Zachary T. Goldstein Week 10

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Electronic Notebook

Purpose

  • The purpose of this assignment is to use programs learned in Week 9 to run a sequence analysis of the DNA and Amino Acid sequences of our newly identified subjects. We will use amino acid identifiers to see the types of changes and 3D protein modeling to see where the changes are located. All of this information will be documented and included in our Week 11 and Week 12 HIV Structure Presentations.

Methods/Results

  • Downloaded the 3D sequence of Huang et al. (2005) structure 2B4C gp120 protein using the Cn3D software site.
  • Using amino acid sequences from the Markham data we identified the region that corresponds with the V3 region of the gp120 protein highlighted in yellow EVV-HSS region.
  • We were able to identify the N and C terminals of the tertiary structures by selecting the amino acid and observing which portion of the protein got highlighted.
  • Amino acid sequences from selected subjects were run under a multiple sequence alignment and a rooted tree was created.
  • Strong groups means like for like (acidic for acidic, etc...), weak groups means (hydrophobic for hydrophyllic), non-consensus means there is high variability between amino acids in each sequences. We decided to run two alignments to compare how many of these types of substitutions occur in the subjects with low dS/dN ratios vs. subjects with high dS/dN ratios.
  • Alignment between clones of subjects 4, 9, 11, 14 (dS/dN=0) was run. We observed these amino acid sequences to have: Strong:20 Weak:6 Conserved:47 Non-Consensus:22
  • Alignment between clones of subjects 2, 5, 7, 13 (dS/dN>0) was run. We observed these amino acid sequences to have: Strong:22 Weak:10 Conserved:51 Non-Consensus:12
  • Alignments were rerun using the BoxShade tool to help us see where changes in amino acids were occurring along the sequences.
  • Using information from the Journal Club articles, we selected 6 amino acids along the V3 region and observed their specific changes.
  • We used the Protein Predictor website to understand how severe these changes in amino acids are.
  • Problem: protein they crystallized is not the same as in Markham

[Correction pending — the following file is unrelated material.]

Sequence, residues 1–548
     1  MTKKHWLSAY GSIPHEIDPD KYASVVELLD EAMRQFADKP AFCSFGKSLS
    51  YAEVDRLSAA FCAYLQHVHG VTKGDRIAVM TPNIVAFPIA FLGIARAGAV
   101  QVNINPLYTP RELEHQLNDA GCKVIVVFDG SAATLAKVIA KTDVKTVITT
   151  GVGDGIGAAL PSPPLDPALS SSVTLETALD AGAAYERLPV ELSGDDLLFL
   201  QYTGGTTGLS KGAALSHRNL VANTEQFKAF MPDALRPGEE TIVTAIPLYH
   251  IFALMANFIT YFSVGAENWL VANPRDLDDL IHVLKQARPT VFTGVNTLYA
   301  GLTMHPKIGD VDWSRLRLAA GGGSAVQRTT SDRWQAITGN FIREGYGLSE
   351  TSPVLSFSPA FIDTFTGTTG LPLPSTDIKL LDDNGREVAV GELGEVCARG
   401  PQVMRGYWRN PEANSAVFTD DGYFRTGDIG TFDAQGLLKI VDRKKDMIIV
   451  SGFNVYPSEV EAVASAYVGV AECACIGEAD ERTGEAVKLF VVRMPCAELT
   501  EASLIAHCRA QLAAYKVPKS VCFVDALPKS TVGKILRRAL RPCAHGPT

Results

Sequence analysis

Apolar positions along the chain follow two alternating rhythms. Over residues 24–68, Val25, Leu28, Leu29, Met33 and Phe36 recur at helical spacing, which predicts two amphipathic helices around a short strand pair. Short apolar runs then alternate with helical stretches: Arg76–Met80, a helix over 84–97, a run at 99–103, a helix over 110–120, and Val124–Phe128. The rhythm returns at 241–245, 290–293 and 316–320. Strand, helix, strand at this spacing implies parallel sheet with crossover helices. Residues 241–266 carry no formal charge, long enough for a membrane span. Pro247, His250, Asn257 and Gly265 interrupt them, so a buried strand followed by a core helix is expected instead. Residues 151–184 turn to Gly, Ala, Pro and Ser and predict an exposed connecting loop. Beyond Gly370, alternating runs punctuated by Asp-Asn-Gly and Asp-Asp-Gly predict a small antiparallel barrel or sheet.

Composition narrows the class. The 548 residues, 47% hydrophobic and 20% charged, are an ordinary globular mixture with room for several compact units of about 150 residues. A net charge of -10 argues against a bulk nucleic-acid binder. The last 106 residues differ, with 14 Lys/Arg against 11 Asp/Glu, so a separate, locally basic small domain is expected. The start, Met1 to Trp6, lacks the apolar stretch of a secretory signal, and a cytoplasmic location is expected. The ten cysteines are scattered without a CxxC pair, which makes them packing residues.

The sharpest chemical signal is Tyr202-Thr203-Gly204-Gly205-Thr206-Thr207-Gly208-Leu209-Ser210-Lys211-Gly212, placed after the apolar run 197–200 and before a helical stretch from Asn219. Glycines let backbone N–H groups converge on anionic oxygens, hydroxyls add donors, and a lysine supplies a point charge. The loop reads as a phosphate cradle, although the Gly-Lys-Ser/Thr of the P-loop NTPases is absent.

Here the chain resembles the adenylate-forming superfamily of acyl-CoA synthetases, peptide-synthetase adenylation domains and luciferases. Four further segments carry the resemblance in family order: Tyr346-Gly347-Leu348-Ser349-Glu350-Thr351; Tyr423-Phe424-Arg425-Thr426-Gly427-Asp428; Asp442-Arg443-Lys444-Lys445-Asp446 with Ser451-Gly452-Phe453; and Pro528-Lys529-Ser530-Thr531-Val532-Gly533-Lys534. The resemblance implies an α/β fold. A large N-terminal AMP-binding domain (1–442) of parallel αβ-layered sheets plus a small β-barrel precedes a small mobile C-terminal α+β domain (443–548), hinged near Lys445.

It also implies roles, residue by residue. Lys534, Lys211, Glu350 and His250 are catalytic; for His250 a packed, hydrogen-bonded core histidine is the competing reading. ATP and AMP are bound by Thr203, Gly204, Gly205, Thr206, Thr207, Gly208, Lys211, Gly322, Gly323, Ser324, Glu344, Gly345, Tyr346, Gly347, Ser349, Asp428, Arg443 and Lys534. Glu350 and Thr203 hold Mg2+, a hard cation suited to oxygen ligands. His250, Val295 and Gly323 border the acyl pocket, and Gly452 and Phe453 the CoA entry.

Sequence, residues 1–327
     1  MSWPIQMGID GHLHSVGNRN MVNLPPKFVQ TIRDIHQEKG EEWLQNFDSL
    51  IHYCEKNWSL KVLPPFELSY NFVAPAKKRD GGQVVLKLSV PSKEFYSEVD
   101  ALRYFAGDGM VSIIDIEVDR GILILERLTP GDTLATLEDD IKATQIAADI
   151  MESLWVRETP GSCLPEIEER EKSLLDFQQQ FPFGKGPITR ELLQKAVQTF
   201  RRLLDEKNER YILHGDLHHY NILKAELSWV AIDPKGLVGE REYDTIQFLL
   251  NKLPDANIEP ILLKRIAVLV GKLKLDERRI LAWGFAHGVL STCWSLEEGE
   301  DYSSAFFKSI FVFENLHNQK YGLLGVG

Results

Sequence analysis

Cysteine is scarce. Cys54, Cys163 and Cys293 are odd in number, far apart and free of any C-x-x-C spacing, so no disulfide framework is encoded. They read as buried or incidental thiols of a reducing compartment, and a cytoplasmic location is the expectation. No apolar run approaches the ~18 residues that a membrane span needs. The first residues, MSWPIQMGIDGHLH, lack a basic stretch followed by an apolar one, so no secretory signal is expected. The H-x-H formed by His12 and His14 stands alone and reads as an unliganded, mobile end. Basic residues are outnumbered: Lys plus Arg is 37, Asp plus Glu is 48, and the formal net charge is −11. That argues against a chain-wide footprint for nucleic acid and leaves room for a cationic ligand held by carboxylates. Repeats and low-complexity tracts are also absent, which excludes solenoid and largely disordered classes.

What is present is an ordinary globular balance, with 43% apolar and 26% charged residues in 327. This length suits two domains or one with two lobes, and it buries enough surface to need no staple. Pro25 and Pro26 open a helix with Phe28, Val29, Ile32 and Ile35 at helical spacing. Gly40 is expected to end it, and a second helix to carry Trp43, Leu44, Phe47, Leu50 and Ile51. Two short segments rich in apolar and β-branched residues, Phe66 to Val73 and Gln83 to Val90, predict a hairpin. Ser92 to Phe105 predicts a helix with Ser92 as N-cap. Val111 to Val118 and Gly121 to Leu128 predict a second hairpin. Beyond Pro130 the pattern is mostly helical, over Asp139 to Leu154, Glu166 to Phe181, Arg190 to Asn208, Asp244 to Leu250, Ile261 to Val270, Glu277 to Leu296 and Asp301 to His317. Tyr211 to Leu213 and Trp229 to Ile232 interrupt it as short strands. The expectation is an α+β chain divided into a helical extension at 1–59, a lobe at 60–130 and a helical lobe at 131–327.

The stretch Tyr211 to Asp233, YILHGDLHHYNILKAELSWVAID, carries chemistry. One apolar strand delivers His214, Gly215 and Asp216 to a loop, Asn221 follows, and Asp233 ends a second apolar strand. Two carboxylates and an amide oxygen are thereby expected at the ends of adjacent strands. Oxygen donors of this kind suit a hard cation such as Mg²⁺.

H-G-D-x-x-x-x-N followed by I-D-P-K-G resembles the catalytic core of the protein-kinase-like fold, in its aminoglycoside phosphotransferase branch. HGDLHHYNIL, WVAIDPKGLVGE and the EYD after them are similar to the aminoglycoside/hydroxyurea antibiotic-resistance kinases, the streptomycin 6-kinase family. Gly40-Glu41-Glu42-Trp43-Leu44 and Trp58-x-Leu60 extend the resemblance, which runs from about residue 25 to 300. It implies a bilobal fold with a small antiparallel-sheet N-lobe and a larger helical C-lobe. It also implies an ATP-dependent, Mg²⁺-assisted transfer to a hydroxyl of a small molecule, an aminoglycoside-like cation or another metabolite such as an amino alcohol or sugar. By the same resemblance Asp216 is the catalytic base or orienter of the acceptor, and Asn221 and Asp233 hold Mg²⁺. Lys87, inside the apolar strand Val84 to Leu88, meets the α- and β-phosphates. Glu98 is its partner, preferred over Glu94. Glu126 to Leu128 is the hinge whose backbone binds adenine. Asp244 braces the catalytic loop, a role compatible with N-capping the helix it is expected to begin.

• Turning strong weak conserved and nonconsensus data into ratios may be better for comparison. 10 more positions where there are changes in rapid progressor group. We have count and position data...are there different patterns where the nonconsenesus spots occur along the gene? We can use the 3D model to show where similarities and difference are in these positions.
  • Positions along the protein where the sequence alignment is highly variable across all subjects therefore defined as "non-consensus": 37, 41, 50, 79, 86, 87.
  • We selected these positions on the 3D model to highlight where they are positioned along the protein.

Data and Files

ZGHIVSTRUCTURE1.png ZGHIVSTRUCTURE2.png ZGHIVSTRUCTURE3.png ZGHIVSTRUCTURE4.png ZGHIVSTRUCTURE5.png ZGHIVSTRUCTURE6.png ZGHIVSTRUCTURE7.png

Conclusion

  • Throughout this weeks assignment we established a better understanding of how amino acid changes along a protein effects its structure. Eventually I hope to gain a better understanding of how these structural changes actually alter protein function. Looking into the types of amino acids which are being substituted (ex: size, nonpolar, uncharged polar, acidic, basic, etc...) may lead to better predictions on the severity of these substitutions on protein function. Using the 3D crystalline structure of the gp160 protein we were able to project our "non-consensus" aka highly variable regions along the protein and compare these regions to "highly variable" regions defined in the Kwong and Andiranov articles from last class. We used the BoxShade alignment tool in biology workbench to highlight our non-consensus regions. So far, it looks as though there may be other variable regions along the gene that were not discussed in these papers, whose physical alterations (we think) may play a significant roll in HIV progression.

HIV Structure Project

Acknowledgements

  • I received help on this assignment from User: Jordan T. Detamore in class. I specifically received help with running amino acid alignments and analyzing our results using tools in Biology Workbench. Additionally over the weekend we worked outside of class on our GoogleDoc presentation for the week 11 presentations
  • While I received help on this assignment everything on this page was completed by me and was not copied from anybody else.

Zachary T. Goldstein 17:42, 6 November 2016 (EST)Zachary T. Goldstein

References


BIOL368/F16

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All shared journals:

User: Zachary T. Goldstein